On Sunday morning I attended my first double-feature in the Film Forum’s popular ‘Newspaper Film’ series, and both Samuel Fuller’s Park Row and John Farrow’s The Big Clock, was wonderful to see on the big screen. Fuller’s film about journalism and printing in the late 1800’s (a film dear to Fuller’s own heart) has some rather contrived ideas, but it’s still a riveting film, splendidly acted and impressively mounted. The film is presently unavailable on DVD or VHS and is sometimes shown on TCM. As far as John Farrow’s The Big Clock, this is an underatted noir about a murder and the following investigation that features Ray Milland, Charles Laughton and Elsa lancaster (in a cameo) Laughton is terrific in both physical movement and the delivery of some great deadpan dialogue, and the set design with a ‘big clock’ and elevator shaft is excellent. The DVD, of course, which I own, is part of the Universal Noir Collection, but there’s nothing to match the interactive Film Forum viewing, which negotiated the film’s ample humor. I hope to make several other doubles, including one that features an early Wellman tomorrow night.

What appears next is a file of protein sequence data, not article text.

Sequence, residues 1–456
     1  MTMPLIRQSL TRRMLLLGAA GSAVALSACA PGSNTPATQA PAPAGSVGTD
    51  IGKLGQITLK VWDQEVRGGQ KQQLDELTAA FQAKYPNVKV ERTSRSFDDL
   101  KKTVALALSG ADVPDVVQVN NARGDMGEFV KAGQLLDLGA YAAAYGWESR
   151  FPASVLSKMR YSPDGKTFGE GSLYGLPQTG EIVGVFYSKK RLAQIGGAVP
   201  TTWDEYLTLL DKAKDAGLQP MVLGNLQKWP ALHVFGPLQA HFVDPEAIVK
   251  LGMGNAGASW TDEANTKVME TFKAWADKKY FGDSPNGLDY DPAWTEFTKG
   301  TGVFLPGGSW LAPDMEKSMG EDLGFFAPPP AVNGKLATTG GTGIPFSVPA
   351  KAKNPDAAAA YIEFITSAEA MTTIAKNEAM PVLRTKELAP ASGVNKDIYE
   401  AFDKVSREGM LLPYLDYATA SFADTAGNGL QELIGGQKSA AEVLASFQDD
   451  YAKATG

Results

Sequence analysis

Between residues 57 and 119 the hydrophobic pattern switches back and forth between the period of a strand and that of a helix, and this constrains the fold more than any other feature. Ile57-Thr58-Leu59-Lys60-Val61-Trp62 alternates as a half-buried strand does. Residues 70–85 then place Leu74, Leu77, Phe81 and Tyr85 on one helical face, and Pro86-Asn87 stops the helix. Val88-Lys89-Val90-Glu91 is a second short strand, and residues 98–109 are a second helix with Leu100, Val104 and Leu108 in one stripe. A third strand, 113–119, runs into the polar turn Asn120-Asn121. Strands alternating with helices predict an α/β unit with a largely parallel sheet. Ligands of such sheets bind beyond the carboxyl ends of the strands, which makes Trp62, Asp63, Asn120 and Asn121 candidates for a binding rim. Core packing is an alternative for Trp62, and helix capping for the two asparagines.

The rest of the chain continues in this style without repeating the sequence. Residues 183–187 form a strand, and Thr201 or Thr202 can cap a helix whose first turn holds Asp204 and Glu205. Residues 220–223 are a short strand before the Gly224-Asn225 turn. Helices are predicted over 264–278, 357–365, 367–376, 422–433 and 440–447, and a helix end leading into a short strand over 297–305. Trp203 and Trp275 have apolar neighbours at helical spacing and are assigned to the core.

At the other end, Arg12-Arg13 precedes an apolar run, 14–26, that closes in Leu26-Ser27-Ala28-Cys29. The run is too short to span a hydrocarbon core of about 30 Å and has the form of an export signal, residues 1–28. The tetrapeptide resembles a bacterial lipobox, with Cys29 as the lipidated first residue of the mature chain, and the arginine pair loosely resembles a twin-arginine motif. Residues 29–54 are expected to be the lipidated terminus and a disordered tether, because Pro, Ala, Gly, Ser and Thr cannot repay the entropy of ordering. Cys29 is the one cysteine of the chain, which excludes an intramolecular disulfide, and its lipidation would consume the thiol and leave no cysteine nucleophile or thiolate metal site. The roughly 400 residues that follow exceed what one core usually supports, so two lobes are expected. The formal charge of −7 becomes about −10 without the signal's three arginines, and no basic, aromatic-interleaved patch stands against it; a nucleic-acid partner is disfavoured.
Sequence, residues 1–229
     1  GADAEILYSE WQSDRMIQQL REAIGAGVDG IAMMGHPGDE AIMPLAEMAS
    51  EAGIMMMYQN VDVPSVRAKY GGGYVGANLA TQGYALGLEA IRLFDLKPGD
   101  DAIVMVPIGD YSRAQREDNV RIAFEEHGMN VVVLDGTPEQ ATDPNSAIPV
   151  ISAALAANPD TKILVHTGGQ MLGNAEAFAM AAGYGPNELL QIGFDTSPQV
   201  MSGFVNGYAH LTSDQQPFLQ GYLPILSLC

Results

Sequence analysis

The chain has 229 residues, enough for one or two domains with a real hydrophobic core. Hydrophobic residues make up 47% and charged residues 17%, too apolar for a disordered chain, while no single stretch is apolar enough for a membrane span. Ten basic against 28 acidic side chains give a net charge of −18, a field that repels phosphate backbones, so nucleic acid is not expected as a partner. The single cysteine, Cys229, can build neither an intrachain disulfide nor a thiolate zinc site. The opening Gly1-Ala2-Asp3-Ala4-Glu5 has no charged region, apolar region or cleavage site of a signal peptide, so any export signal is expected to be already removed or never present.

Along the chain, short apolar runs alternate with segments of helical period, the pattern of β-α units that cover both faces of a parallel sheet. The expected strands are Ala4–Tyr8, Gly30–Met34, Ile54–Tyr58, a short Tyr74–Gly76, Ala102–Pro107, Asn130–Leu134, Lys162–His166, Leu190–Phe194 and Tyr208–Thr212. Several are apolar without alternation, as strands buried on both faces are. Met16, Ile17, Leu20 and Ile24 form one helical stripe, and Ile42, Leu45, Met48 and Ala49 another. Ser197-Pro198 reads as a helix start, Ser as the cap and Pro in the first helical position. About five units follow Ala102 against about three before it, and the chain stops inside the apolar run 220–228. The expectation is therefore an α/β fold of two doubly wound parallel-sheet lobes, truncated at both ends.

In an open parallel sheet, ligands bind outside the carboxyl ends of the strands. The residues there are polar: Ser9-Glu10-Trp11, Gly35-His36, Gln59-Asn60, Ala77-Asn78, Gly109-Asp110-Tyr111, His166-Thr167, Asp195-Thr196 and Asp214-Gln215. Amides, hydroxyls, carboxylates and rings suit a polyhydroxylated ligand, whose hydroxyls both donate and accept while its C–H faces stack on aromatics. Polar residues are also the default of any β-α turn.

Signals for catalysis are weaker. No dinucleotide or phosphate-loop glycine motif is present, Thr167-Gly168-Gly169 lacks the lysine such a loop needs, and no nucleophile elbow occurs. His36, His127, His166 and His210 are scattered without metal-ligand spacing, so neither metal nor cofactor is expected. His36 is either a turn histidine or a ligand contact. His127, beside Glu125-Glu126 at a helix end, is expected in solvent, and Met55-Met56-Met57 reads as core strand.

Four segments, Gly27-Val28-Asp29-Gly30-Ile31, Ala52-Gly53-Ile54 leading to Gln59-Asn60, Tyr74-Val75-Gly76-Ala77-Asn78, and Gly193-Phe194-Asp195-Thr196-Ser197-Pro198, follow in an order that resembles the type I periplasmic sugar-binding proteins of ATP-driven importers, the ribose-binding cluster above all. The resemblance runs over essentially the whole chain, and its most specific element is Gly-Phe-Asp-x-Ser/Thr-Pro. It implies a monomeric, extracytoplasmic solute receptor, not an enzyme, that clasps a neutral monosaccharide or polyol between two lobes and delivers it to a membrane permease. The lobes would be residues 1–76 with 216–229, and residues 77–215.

11 year-old Danny Juliano at Film Forum on Sunday afternoon
Around the blogosphere there’s plenty of great stuff:
Judy at Movie Classics
has been slowly building a catalogue of superlative reviews on William Wellman’s cinema, including a bevy of pre-coders, the latest of which may well be the best she’s ever penned, and that’s really saying something. Her review on Wild Boys of the Road
(1933) is masterful: http://movieclassics.wordpress.com/2010/04/17/wild-boys-of-the-road-1933/
Tony d’Ambra has another fabulous post up at FilmsNoir.net
that deserves full attention. Featuring an excerpt from an essay by the esteemed James Naremore (that I’ve read, that to Tony) on the unmade but planned Orson Welles film version of Joseph Conrad’s Heart of Darkness